Some Republicans also argued yesterday that Congress lacks the authority to establish ethics rules for Supreme Court Justices. They cite “separation of powers” concerns. However, just last year, the Senate passed a law—with unanimous support—requiring Supreme Court justices to disclose their stock trades and financial holdings. There is ample precedent for Congress passing laws that shape the high court—from annual spending bills that pay Justices’ salaries to establishing the oath of office that Justices take.
“Yesterday, I’m afraid, things were very partisan. First, there was a question as to whether or not this was an attempt to attack the conservative members of the Supreme Court by raising ethical questions,” Durbin said. “I tried to make a point several times that the first letter that I sent to a Chief Justice, this Chief Justice, on the issue of code of ethics for the Supreme Court, I delivered on February 13, 2012, during the Obama administration. So this was not some newfound interest. I’ve been working on it for years.”
Durbin continued, “There was also an argument that the Congress has no authority to establish standards for the Supreme Court. As I mentioned earlier, when we had this stock disclosure law passed last year, it was embraced by the Court. The Court goes through some form of financial disclosure based on a law passed in 1978. And by and large, there are many ways that the Congress interfaces with the Supreme Court, not the least of which is its budget. So we’re in constant communication with the Court and its operation. I believe that we clearly have the authority to establish ethical standards in law for the Supreme Court.”
Durbin concluded, “At the end of the day, we want to make sure people, as skeptical as they are of politicians – they have every right to be – believe that the institutions, whether it’s Congress or the Supreme Court or the President’s office, are at least credible and trustworthy. Establishing a fundamental ethical standard that assures that fact is absolutely essential, and the Senate Judiciary Committee will continue that pursuit.”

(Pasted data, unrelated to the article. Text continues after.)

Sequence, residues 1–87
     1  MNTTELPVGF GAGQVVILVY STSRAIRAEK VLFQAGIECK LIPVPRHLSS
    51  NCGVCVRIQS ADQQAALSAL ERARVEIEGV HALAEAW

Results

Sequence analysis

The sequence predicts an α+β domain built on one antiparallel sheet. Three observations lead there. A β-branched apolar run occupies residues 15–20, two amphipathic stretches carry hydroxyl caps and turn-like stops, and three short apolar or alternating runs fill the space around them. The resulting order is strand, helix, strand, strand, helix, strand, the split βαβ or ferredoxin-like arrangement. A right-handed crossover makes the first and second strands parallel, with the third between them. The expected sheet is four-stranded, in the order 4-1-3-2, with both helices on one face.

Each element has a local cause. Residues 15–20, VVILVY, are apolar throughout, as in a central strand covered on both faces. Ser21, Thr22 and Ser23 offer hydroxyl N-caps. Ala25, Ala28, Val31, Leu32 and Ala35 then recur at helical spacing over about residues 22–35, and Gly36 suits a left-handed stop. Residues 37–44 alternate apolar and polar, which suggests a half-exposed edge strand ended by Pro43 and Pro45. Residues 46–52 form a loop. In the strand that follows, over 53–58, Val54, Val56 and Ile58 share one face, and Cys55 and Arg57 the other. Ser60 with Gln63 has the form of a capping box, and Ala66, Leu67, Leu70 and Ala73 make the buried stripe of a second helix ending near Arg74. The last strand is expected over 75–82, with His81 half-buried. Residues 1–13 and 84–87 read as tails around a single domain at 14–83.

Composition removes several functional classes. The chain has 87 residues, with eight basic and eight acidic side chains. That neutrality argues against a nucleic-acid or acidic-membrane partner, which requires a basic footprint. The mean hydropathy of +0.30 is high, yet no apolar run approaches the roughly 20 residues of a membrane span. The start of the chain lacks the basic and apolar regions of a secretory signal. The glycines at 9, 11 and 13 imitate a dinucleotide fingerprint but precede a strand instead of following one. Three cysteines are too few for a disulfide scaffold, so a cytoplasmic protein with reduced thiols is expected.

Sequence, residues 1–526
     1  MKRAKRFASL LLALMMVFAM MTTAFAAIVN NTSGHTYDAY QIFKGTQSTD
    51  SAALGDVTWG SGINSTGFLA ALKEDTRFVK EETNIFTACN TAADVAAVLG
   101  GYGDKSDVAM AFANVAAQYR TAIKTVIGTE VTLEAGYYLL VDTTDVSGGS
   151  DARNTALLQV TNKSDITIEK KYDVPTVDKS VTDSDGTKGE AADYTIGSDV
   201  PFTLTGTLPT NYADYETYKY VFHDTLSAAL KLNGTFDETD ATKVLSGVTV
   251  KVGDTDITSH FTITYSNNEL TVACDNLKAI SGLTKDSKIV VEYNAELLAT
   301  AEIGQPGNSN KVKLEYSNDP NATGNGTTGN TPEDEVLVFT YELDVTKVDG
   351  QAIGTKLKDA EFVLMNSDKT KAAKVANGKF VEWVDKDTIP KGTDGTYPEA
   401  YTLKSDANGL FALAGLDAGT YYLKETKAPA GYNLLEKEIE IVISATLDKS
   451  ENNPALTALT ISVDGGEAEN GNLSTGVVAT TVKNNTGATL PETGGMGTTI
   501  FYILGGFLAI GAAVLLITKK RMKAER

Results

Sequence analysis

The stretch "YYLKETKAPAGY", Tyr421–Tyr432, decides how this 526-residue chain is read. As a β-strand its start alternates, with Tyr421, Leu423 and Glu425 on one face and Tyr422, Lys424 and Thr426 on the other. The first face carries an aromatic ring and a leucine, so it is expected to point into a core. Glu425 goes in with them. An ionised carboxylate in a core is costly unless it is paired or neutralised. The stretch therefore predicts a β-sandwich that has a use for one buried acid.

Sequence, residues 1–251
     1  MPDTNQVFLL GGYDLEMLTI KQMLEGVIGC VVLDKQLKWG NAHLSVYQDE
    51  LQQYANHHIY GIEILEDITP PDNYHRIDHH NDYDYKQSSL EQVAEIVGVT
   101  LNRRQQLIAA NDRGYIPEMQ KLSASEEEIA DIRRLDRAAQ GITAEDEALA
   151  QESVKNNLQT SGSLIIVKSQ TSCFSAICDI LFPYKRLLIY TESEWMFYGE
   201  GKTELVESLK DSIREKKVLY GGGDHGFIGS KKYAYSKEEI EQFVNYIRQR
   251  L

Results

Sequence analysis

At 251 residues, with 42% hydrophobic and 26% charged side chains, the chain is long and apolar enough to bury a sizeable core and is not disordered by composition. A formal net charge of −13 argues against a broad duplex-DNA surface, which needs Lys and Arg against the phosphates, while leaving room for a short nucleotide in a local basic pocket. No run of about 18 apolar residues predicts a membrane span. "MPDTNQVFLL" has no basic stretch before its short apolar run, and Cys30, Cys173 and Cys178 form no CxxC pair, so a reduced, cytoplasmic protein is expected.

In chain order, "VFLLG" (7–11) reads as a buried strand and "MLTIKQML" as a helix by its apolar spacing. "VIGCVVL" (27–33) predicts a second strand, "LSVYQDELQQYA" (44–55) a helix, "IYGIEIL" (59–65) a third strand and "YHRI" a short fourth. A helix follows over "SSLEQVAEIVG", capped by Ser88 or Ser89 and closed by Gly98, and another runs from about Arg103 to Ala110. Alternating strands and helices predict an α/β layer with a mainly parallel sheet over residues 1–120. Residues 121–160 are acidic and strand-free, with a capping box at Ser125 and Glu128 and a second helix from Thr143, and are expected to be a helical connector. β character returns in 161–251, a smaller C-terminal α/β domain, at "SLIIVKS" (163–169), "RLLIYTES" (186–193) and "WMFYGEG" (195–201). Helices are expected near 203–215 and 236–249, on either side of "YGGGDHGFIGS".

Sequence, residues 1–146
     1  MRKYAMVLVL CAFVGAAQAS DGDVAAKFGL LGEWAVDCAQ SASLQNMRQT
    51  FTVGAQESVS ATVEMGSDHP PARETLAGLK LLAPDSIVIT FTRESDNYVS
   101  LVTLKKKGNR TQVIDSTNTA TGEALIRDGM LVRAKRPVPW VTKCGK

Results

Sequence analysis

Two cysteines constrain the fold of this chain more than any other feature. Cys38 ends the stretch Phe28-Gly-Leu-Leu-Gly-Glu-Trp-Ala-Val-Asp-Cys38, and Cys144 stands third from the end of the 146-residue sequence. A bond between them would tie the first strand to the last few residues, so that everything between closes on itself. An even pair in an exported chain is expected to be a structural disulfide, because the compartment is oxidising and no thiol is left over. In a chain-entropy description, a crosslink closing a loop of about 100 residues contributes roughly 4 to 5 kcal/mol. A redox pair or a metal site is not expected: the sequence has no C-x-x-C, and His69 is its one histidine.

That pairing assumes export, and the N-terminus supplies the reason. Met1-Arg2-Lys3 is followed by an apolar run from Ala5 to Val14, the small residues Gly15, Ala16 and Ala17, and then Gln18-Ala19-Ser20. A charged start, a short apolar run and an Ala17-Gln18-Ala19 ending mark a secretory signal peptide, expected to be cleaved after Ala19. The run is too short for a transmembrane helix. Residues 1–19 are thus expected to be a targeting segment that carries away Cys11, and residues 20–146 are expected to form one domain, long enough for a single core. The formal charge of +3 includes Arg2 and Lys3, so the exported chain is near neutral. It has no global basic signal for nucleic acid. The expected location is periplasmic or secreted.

Video of Durbin’s remarks on the Senate floor is available here.
Audio of Durbin’s remarks on the Senate floor is available here.
Footage of Durbin’s remarks on the Senate floor is available here for TV Stations.
On April 10, Durbin and his Senate Judiciary Committee Democratic colleagues sent a letter to the Chief Justice urging him to take swift action to address reported conduct by Justices that is inconsistent with the ethical standards the American people expect of public servants. The letter noted that as far back as 2012, Judiciary Committee Democrats had written the Chief Justice urging that the Court adopt a resolution binding the Justices to the same Code of Conduct that binds all other federal judges. The letter advised that the Committee would hold an upcoming hearing, and that if the Court doesn’t resolve this issue on its own, the Committee will consider legislation to resolve it.
Durbin received a response letter from the Secretary of the Judicial Conference of the United States and it stated that the Senators’ April 10 letter was referred to the Judicial Conference and forwarded to the Judicial Conference Committee on Financial Disclosure.